US needs to end its secretive drone campaign in Yemen, experts say
The Biden administration needs to end its secretive counterterrorism campaign in Yemen if it wants to end "forever wars" in the Middle East that have failed to root out al-Qaeda and Islamic State militants, policy experts have said.
Since 2002, Yemen has become a battlefield for expanded US drone operations as a part of Washington's global "war on terrorism".
More than two decades after its inception, little is known about the US's goals in Yemen and how extensive its operations there have been.
There is no comprehensive count of civilian deaths because of the difficulty of confirming identities and the allegiances of those killed. But according to rights groups, US drone strikes have targeted wedding processions and funerals.
David Sterman, a senior policy analyst at the New America think tank, said in an assessment released earlier this week that the US needed to end its counterterrorism operations in Yemen.
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Sterman stated that the US could do so in a number of ways, including repealing the 2001 Authorisation for Use of Military Force Act (AUMF), releasing a public assessment of US strikes in Yemen, and abandoning the framework of "sustainable counterterrorism".
"Rather than embracing endlessness under the name 'sustainable counterterrorism' or chasing the mirage that the United States can defeat AQAP [al-Qaeda in the Arabian Peninsula], the United States should build a full policy platform to end its endless wars," Sterman said.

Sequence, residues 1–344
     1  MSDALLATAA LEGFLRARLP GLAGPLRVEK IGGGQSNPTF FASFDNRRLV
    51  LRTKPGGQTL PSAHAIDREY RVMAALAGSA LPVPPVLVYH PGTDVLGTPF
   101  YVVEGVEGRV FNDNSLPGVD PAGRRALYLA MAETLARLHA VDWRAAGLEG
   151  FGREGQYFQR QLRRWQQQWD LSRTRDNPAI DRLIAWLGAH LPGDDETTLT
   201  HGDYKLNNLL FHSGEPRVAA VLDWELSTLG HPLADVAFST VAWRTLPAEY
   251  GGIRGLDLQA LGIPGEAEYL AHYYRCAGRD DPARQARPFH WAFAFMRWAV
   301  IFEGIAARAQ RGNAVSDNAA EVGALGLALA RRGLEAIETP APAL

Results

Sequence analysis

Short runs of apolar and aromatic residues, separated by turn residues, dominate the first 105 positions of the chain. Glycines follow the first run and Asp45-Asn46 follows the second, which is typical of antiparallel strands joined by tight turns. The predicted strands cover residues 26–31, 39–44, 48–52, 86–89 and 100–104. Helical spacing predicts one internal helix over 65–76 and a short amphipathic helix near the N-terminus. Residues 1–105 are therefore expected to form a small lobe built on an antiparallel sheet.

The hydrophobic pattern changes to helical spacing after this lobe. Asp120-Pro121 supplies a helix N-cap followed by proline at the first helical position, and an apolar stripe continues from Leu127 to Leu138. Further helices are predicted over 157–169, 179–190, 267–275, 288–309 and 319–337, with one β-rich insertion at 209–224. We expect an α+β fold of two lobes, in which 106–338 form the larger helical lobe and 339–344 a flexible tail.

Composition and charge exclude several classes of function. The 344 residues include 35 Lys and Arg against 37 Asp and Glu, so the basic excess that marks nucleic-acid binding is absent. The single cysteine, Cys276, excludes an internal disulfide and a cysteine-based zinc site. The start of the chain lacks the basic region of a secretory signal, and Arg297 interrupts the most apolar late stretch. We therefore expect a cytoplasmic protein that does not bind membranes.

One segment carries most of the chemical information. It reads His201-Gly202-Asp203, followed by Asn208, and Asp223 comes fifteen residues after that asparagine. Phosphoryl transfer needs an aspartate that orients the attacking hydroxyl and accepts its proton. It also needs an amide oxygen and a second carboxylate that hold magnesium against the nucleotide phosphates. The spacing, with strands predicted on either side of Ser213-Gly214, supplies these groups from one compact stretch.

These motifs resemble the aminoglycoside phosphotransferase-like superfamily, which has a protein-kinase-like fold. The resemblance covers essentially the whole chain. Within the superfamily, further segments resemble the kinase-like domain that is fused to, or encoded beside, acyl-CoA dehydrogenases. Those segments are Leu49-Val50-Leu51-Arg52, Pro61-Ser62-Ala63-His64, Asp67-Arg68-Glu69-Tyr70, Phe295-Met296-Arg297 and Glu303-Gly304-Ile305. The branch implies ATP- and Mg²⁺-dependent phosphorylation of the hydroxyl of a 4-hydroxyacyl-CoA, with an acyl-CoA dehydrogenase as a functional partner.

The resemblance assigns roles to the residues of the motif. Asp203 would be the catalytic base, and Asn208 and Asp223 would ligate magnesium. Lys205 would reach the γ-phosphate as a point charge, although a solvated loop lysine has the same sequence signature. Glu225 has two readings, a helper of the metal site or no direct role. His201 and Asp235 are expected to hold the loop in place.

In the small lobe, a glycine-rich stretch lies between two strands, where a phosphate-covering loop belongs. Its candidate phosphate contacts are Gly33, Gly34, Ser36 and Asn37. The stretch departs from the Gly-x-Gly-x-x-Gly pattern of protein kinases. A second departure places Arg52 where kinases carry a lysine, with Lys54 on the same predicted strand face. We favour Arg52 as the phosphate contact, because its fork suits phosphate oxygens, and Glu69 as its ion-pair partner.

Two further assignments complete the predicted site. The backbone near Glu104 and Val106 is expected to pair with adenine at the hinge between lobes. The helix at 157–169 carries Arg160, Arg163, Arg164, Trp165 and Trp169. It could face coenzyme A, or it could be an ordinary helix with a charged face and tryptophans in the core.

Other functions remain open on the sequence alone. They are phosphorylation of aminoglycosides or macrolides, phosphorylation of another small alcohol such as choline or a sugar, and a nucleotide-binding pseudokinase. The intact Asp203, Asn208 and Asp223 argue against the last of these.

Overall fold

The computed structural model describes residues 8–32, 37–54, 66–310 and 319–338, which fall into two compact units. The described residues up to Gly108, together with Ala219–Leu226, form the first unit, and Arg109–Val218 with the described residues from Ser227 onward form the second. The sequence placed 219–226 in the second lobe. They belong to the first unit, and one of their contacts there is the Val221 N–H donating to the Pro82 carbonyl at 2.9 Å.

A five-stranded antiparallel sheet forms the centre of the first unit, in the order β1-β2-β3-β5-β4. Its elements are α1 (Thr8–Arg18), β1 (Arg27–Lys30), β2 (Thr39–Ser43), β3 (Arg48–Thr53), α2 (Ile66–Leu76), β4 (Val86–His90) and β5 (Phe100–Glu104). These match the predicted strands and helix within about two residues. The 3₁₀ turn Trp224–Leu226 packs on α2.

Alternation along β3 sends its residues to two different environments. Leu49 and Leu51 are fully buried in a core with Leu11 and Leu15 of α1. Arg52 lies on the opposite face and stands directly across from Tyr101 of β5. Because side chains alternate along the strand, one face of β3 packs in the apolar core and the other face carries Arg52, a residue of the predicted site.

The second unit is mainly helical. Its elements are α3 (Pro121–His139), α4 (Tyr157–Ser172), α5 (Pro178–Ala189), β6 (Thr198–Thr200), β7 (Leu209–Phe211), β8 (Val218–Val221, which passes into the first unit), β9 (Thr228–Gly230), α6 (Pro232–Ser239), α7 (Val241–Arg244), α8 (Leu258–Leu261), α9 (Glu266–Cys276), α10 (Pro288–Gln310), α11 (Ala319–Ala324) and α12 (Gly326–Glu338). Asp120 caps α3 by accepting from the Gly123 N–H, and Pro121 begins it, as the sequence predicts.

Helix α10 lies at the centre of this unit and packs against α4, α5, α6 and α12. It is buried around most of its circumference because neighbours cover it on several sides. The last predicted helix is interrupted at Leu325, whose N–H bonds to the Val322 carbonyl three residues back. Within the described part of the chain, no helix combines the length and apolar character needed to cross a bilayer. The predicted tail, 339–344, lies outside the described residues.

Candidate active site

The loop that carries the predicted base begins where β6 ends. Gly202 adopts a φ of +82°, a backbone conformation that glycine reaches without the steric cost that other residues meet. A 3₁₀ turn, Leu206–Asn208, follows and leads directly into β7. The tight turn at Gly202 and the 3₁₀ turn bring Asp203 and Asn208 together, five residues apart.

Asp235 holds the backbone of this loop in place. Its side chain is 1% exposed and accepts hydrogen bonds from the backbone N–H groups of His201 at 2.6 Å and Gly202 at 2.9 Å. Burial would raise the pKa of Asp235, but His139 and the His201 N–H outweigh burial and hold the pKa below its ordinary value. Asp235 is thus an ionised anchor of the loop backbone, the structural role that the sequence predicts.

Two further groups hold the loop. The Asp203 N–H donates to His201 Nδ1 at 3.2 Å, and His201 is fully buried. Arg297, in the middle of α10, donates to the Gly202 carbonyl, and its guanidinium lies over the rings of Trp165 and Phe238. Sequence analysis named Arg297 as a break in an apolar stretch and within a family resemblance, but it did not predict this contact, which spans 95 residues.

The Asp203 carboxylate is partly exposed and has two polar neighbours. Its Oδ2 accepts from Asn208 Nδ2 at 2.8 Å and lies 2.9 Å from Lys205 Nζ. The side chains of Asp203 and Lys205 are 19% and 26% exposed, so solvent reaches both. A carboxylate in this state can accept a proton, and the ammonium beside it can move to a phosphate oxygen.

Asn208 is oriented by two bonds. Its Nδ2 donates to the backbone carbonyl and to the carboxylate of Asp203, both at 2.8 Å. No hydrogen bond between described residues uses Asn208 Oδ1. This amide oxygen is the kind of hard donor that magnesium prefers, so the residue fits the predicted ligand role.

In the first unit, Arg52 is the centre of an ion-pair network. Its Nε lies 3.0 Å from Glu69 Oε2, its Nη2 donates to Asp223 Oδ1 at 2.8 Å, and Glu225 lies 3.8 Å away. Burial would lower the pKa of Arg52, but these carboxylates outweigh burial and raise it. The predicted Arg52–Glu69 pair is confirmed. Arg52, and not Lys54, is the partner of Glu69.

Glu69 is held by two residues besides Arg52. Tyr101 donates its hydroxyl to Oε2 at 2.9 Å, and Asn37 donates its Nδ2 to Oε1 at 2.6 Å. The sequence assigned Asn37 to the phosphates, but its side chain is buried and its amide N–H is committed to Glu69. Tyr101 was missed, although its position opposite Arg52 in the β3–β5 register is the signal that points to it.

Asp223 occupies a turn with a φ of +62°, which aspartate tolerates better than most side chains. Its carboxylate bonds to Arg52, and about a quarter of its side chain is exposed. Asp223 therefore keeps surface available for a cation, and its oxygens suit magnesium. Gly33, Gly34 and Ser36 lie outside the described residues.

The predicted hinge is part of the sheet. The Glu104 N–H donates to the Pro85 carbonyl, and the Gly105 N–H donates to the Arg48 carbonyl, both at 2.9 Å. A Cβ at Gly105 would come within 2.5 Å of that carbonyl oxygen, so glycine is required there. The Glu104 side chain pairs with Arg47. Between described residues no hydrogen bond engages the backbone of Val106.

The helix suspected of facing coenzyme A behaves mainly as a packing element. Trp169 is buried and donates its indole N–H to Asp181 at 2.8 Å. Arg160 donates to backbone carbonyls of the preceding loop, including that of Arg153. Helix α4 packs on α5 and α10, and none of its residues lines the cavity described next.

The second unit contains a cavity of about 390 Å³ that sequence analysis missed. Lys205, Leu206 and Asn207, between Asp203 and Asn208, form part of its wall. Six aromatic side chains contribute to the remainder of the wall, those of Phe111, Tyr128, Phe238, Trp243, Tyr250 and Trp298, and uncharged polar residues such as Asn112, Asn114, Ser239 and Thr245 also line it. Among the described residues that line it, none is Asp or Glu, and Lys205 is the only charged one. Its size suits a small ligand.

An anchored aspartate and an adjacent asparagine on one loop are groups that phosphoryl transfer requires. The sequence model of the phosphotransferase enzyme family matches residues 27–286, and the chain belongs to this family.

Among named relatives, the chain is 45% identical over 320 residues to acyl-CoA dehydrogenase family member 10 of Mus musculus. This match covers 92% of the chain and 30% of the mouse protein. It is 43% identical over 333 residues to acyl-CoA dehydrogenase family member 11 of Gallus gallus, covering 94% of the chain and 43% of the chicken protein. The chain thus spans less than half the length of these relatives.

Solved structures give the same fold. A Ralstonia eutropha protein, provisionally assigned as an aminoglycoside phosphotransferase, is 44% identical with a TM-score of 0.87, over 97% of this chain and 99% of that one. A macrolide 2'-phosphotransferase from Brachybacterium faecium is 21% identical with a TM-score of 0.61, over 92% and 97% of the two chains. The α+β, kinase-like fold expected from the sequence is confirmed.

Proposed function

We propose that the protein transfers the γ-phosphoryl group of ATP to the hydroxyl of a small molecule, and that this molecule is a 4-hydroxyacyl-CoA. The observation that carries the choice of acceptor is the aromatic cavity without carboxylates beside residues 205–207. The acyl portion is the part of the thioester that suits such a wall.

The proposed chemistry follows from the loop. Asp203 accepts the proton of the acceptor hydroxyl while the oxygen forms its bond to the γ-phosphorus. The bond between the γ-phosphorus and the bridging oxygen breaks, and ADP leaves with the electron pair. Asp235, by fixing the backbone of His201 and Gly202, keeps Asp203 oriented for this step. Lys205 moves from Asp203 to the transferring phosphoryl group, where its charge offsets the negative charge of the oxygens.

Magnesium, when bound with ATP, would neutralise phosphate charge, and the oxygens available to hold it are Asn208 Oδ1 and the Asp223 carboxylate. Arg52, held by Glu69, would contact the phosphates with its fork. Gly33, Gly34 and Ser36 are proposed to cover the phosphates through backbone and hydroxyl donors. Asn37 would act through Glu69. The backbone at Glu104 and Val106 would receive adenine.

"The counterterrorism war in Yemen holds severe risks for American democracy and the moral underpinnings of American warfare precisely because of the radical asymmetry between the violence the US carries out or is capable of carrying out in Yemen, and the violence AQAP is capable of carrying out against Americans."
The utility of drone strikes
According to reports, the US has carried out at least 336 drone strikes on Yemen since 3 November 2002, killing at least 1,000 people.
Former US President George W Bush oversaw fewer than 50 drone strikes across the Middle East during his tenure, but the programme shifted gears under President Barack Obama.
According to The Bureau of Investigative Journalism (TBIJ), at least 563 strikes, largely by drones, were carried out during Obama's two terms in countries including Yemen, Pakistan and Somalia.
When Donald Trump became president, he further escalated drone operations and also ditched accountability and transparency measures.
The Trump administration revoked a policy set by his predecessor requiring US intelligence officials to publish the number of civilians killed in drone strikes outside of war zones.
The US military has acknowledged a total of 13 total civilian deaths in Yemen from the actions of American forces, while the investigative group Airwars has found that the number is likely between 77-156.